How often does a correction in the stock market turn into a full-blown recession?
I’m interested in “leveraged indexes” (ex., SSO) that imitate the general movement of the stock market with increased power. However, if the market plummets, I’m twice as in trouble as I’d normally be.
I know that predicting the market is a difficult if not impossible task, but are there any early “warning signs” to warn me of an upcoming recession?
Historically, how many times have corrections (10% drop in the market) turned into a true, full-blown recession (20% drop or more in the market)?
Thanks for your help!
Stock market fluctuations and economic recessions are two entirely different animals, and a market decline doesn’t ‘turn into’ a recession, though it may anticipate an economic recession. There is a weak correlation between economic recession and (past) market returns, but the correlation to interest rates is stronger. One reason for this is that some industries are quite sensitive to interest rates, such as home building, and higher rates reduce demand for new houses; we’re seeing that effect now. If the Fed reduces rates later this year, home building will almost certainly pick up again. High interest rates also affect the demand for financed consumer goods, such as automobiles, and for capital expenditures. If you want a good leading indicator for the market, watch the Fed.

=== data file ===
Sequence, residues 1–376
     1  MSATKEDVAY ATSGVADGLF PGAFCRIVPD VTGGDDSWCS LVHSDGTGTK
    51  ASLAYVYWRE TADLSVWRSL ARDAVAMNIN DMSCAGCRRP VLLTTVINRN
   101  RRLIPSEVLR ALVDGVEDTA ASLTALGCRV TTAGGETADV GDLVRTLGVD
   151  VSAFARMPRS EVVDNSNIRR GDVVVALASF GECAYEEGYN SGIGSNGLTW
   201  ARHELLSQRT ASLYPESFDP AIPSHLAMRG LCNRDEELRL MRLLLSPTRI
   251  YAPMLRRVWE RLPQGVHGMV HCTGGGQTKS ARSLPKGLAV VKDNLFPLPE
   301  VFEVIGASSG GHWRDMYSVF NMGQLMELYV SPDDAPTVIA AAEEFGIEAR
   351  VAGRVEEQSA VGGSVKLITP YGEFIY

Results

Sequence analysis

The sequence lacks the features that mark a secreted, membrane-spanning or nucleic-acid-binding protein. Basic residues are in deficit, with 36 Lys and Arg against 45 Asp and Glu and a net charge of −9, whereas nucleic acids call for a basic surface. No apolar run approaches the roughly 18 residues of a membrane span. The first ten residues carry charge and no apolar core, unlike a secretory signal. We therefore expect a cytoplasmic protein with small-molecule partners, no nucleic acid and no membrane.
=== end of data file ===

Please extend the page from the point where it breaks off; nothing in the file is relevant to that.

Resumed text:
IMPORTANT! The U.S. Stock Market Is About To Enter A Correction Phase. By Gregory Mannarino